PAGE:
As appropriate for the Mary chapel, the window shows the Holy Spirit (again a white dove) and Mary. On my first viewing I thought the window depicted Mary as a young girl with her mother, St. Anne. This would make it a rather touching scene of family life in the story of Mary, implying that from her youngest years she was always open to God’s grace (the Holy Spirit) and directed to doing God’s will.
However, on further viewing and reflection I have begun to wonder if the rather androgynous child figure is not meant to be Mary but rather Jesus as a young boy, and hence the older woman is the Blessed Virgin Mary, not St. Anne. And so it represents domestic life in the history of Jesus. Either interpretation works for the location in the Mary Chapel, and I leave it to your religious imagination to decide which is the more appropriate.
This window was “Given in loving memory of Gregory George Shia, 1964-1973,” so it was donated in memory of a person who died as a child.
Also visible in the small room off of the Sanctuary between the altar and the sacristy, where there are rows of pews, is a window representing a crown and a red cross. I understand that this room was originally constructed to hold the choir, though that seems strange since we also have a functioning choir loft. If any of you know the original intent of this space, I would like to know. A plaque in this area states, “This Prayer Room is given in Memory of Anthony R Ferris and Carmen Kazen Ferris by their son, Anthony Curly Ferris.”
If you go into the Sacristy there are two more windows, one showing another depiction of the Holy Spirit as a white dove and the other of a chalice and host. These windows refer to the Kingship and the Priesthood of Christ. Between the windows in the sacristy is a rather unusual Crucifix which depicts Jesus in full priestly vestments as the priest wore them prior to Vatican Council II. He also wears a crown and hence is depicted on the Cross as on His altar and throne, as Priest and King. His expression is impassive; at best serene.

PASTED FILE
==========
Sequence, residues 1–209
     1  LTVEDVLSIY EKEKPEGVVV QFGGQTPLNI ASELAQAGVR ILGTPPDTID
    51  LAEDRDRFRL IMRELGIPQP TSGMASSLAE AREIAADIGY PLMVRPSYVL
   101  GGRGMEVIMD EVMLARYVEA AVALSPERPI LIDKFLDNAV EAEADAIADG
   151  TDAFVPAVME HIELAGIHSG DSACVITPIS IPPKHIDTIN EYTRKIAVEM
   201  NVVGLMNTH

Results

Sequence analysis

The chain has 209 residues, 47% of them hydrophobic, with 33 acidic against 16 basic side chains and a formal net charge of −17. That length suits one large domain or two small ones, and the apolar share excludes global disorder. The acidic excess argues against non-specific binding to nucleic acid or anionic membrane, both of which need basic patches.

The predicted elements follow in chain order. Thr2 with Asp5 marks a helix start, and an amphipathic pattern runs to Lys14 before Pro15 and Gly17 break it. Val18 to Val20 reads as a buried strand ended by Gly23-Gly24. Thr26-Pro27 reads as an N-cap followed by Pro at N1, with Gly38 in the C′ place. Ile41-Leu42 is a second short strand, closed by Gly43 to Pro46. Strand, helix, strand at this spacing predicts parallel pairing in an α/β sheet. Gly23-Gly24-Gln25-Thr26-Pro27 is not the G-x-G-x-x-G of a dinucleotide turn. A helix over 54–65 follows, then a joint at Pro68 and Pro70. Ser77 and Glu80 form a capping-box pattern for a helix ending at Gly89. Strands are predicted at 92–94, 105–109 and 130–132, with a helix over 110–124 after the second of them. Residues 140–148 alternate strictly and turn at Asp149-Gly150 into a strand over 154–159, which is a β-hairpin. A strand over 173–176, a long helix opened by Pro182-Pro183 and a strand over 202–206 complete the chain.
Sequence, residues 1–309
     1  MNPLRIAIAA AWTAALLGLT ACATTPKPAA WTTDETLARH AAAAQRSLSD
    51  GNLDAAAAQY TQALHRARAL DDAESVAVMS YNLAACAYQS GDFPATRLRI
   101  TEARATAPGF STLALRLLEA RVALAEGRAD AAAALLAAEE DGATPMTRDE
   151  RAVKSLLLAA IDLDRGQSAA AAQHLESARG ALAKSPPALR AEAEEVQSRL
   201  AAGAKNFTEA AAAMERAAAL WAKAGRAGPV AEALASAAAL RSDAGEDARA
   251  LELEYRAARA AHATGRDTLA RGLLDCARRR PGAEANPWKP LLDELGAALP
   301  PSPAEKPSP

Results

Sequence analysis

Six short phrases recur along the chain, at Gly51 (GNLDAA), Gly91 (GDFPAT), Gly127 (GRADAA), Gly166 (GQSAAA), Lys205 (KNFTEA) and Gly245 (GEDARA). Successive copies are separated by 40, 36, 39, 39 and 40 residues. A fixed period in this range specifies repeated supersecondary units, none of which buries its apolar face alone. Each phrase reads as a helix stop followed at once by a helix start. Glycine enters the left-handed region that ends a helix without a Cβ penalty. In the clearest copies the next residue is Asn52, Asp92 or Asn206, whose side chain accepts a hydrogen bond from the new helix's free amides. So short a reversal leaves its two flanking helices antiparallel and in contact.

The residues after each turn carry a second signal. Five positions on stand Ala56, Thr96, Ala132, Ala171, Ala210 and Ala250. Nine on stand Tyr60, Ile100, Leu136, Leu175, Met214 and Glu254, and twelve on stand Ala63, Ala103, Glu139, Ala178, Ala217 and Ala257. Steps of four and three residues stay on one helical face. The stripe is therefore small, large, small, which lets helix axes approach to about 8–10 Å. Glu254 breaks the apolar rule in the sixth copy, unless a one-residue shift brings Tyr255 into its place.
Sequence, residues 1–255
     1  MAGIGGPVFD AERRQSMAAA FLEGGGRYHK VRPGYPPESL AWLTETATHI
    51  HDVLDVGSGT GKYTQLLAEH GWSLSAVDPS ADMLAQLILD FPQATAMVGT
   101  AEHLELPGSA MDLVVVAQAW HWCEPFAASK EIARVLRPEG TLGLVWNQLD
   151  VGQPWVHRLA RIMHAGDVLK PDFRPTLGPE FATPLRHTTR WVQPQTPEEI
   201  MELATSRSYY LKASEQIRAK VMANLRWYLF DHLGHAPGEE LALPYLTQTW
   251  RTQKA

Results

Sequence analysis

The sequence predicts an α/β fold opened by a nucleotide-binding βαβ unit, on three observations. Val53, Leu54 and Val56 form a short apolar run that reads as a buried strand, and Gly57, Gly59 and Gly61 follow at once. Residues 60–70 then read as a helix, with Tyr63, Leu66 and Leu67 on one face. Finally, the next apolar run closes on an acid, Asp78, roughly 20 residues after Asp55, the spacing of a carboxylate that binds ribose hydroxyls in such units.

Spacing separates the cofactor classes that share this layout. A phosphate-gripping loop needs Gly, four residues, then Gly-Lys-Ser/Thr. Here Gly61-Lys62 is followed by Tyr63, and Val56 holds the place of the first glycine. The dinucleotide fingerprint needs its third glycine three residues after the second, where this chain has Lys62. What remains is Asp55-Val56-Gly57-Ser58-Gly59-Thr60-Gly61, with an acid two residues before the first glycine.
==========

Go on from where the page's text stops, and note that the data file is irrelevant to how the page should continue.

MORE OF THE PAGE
The small cloth hanging from his left arm is known as a “maniple.” It is not entirely clear what is the origin of the maniple, but according to Wikipedia, “the maniple was likely a piece of linen which clerics used to wipe their faces and hands and has been described by some modern commentators as being akin to a handkerchief.”
Since this cloth had no real purpose it accumulated a great variety of symbolic meanings. According to St. Alphonsus Ligori, “It is well known that the maniple was for the purpose of wiping away the tears that flowed from the eyes of the priest; for in former times priests wept continually during the celebration of Mass.”
While the devotion of such priests is truly admirable, I am rather happy myself that the custom of the priest bawling during the celebration of the Mass has fallen into disuse. It seems to take away from the sense of the Eucharist as a celebration. In any case, in 1967 the Vatican’s Sacred Congregation of Rites discontinued the use of the maniple. I have never worn one.